7 Cs for a successful campaign + why not to “win at all costs”

Martha Mackenzie is Head of Government Relations at Save the Children and has been taking part in the British Council’s Future Leaders Connect Programme. These are edited highlights of her blog series, which WonkComms is publishing as part if our #RouteToTheTop series. They were first posted at: https://futureleadermusings.wordpress.com

My day job is to encourage politicians to deliver change for children. To me, successful political influencing requires you to create one of three conditions. If you are defending the status quo, you must 1) make the pain of changing course worse than any potential gain. If you are seeking change, you must either create 2) a politically exciting and rewarding opportunity; or 3) extract a political penalty for not taking action (or in some cases, a bit of both).

The ‘Seven Cs’ below provide a guide for those seeking change.

I’ve used the 2016 ‘Dub’s Amendment’ as a case study. After a year long campaign, this resulted in the UK Government offering sanctuary to hugely vulnerable unaccompanied child refugees who had fled to Europe. Save the Children worked on this campaign alongside a number of other organisations – including Unicef UK and the formidable Safe Passage.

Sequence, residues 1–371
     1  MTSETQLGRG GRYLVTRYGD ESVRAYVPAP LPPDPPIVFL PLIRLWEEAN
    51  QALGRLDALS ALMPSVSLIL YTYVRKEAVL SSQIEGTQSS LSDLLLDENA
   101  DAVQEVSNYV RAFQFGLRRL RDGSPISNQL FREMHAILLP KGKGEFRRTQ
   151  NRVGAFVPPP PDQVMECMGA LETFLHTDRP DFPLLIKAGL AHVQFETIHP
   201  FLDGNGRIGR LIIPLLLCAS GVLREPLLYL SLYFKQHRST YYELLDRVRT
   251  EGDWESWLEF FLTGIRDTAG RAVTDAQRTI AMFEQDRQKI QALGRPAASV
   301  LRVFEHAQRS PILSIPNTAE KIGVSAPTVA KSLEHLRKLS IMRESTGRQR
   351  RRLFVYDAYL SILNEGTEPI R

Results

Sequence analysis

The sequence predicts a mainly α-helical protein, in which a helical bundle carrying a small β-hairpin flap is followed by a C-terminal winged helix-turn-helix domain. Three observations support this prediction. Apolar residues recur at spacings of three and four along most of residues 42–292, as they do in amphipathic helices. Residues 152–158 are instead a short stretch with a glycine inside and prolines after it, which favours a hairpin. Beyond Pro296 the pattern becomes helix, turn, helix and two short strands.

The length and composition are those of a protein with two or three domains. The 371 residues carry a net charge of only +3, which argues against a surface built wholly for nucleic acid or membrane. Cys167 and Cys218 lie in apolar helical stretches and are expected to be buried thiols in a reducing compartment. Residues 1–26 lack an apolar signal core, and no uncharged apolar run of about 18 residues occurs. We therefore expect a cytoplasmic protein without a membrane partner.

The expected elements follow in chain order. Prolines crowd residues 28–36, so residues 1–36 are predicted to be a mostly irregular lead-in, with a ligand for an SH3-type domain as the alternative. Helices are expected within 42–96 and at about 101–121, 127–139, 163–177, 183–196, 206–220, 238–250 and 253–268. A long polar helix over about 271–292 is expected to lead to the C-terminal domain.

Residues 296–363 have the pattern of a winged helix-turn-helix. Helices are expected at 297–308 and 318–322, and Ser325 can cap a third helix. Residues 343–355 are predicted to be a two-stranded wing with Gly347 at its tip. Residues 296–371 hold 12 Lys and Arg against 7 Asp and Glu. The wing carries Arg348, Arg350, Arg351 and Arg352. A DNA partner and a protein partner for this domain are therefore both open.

1) Be compelling; find a way to captivate your audience early on.

Our decision to call for the UK to relocate a specific number – 3,000 children – gave journalists a clear headline and made the ask tangible and specific to the public and politicians: just five children per parliamentary constituency.

2) Be credible; have the evidence, coalitions, and front-line experience to backup your call.

Throughout the campaign, our front-line work with child refugees was at the forefront. The specific number we called for was based on the UK’s ‘fair share’: the number of unaccompanied child refugees in Europe compared against our relative GDP and population size. And we built coalitions with other credible partners.

3) Inspire compassion; build public support by appealing to hearts as well as minds.